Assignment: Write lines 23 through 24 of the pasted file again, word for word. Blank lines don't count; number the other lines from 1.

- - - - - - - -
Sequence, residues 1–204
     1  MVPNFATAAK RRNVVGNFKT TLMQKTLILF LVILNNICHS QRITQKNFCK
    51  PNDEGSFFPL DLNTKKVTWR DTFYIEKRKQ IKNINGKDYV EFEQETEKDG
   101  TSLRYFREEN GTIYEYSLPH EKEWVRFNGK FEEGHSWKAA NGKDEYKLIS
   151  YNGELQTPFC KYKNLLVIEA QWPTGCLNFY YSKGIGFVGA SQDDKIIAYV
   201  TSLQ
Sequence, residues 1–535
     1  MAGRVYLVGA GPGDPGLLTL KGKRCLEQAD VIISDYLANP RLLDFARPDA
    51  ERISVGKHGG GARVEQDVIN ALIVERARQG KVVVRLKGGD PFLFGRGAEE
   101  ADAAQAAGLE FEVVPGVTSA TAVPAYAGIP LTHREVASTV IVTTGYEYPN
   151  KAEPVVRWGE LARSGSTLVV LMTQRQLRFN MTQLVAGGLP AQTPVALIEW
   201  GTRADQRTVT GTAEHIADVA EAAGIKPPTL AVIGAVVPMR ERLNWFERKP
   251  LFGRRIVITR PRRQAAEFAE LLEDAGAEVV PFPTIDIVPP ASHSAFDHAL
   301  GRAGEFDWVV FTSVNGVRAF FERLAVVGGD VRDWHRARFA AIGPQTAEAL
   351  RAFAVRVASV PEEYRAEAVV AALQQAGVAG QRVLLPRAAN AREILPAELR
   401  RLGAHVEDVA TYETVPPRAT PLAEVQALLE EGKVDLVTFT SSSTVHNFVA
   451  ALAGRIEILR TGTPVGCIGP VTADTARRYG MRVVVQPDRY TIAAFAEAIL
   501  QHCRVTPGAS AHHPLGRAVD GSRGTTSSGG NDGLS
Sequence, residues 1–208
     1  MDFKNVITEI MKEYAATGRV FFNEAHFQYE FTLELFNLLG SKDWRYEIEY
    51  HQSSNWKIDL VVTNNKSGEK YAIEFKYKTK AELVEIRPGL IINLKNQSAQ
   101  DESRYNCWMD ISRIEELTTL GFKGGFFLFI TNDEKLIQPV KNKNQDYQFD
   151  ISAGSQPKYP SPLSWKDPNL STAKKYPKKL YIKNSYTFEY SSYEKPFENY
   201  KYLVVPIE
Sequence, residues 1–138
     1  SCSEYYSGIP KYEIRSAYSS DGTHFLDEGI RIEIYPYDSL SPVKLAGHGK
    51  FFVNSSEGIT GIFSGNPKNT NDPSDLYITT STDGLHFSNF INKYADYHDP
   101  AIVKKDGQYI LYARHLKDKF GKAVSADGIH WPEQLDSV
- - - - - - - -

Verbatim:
   151  ISAGSQPKYP SPLSWKDPNL STAKKYPKKL YIKNSYTFEY SSYEKPFENY
   201  KYLVVPIE